Sony Xperia XZ Premium Smartphone Review
Premium by name, premium by nature
What is the Sony Xperia XZ Premium?The Xperia XZ Premium is Sony's latest super-sized smartphone and this time around, it has bunged in everything. A big, big screen – 5.5 inches – with an outlandishly high resolution. This is a 4K screen, and one that’s capable of displaying HDR to boot. There’s a powerful processor to cope with what the display demands, plenty of RAM and 64GB storage. Oh, and the 19-megpaixel camera can shoot slo-mo video at an eye-catching 960 frames per second. Even the fastest rivals can only manage slow speeds that max out at a quarter of that. So, could it be the phone that puts Sony Mobile back in the game?
DesignLast year’s flagship, the Xperia XZ, was a pretty premium device itself and it launched a new design language for the Sony phone range. This was a strikingly different take on the black oblong that is most smartphones. I mean it is oblong, obviously – this isn’t a throwback to one of those Nokia round phones that looked like it had been designed by a graduate from clown school – but it has flat ends and curved edges on the sides. You can even stand this phone on its end, which is handy for video calling, for instance.
Overall, the design works well, if you don’t mind the fact that the bezels, especially at the top and bottom of the display, are very wide. If you compare the XZ Premium to the LG G6 or Samsung Galaxy S8 with its wafer-thin screen edges, it stands out, and not in a good way.
Sony’s preference for its fingerprint sensor positioning is to place it in the power button on the right edge. This is a very successful placement. Personally, I prefer a front-facing sensor so you can unlock the phone without lifting it from your desk, say, but this is way better than fumbling for an out-of-sight sensor on the phone’s rear. This one is also fast and successful.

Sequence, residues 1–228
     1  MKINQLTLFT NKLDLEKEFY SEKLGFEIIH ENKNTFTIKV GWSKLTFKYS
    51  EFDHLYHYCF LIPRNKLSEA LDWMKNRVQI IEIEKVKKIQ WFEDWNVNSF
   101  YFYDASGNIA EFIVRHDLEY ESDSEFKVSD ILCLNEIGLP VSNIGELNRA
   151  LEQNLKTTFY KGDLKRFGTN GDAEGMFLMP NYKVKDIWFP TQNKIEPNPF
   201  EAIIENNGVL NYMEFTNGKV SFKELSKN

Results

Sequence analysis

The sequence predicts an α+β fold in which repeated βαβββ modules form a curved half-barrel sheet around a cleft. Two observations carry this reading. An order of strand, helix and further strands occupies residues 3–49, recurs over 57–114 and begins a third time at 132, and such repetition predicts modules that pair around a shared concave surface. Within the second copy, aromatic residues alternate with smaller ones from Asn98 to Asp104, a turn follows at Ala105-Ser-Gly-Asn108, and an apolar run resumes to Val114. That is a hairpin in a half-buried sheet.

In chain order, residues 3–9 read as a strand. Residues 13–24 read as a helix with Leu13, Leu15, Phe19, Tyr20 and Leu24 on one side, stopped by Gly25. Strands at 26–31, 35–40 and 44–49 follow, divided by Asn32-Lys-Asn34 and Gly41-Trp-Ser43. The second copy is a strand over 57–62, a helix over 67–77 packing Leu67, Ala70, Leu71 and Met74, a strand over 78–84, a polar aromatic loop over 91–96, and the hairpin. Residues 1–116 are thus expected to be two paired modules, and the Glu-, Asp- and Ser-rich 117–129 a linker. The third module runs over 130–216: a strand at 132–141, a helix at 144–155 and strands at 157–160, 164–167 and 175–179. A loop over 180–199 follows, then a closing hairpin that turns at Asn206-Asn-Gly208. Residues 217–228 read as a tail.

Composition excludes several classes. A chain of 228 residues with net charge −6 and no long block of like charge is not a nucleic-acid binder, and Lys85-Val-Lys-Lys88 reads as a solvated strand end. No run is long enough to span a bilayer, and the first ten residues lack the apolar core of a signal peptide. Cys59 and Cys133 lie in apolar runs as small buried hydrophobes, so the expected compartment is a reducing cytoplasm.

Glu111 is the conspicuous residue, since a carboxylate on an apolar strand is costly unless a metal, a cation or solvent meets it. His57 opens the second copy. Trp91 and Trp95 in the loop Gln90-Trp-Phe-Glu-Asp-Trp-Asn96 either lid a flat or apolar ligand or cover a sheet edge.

Where last year’s XZ had an aluminium back, this time Sony has plumped for glass. It’s tough glass – Gorilla Glass 5 – but the glossy finish means that tiny scratches are quickly visible and smudges are regular visitors. It does look good, though, in both the chic Deepsea Black finish and the lighter-coloured Luminous Chrome. The darker version is reflective, but the Chrome is an actual mirror.
The curved edges on the sides make it more comfortable to hold, a bit like the iPhone 7 Plus. This is a little thicker, though, and it’s a bit of a hand-stretcher so it is definitely worth taking for a test hold and before you buy.
One more thing about the design: this phone is slippier than a greased frog. If the surface you put it on is a fraction off perfectly level, it’ll slide off in seconds. I cannot tell you how many times this happened to me in the couple of weeks that I’ve been reviewing it. For all that, it’s a classy design that lives up to its Premium moniker.
We're glad Sony have stuck with a 16:9 screen and the XZ Premium is the first to support 4K HDR
DisplayThe display is one of the main ways phone makers seek to stand out. The iPhone changed everything when it upgraded the screen to what it called its Retina display with the iPhone 4 in 2010. And it hasn’t changed screen resolution since then, apart from the larger Plus phones with a 401 pixels per inch. This has meant other manufacturers have been able to grab attention with much higher-resolution displays.
This one is a 4K display, with 3840 x 2160 pixels which works out at 807 pixels per inch, only matched by Sony’s Xperia Z5 Premium from late 2015. And though there are other HDR-capable displays available (LG G6 and the Samsung Galaxy S8, for instance) this is the only 4K HDR screen on a mobile.
It’s also a 16:9 ratio screen, unlike the LG and Samsung flagships which have 18:9 or 18.5:9 displays. The advantage is that playing back 16:9 video fits this display perfectly.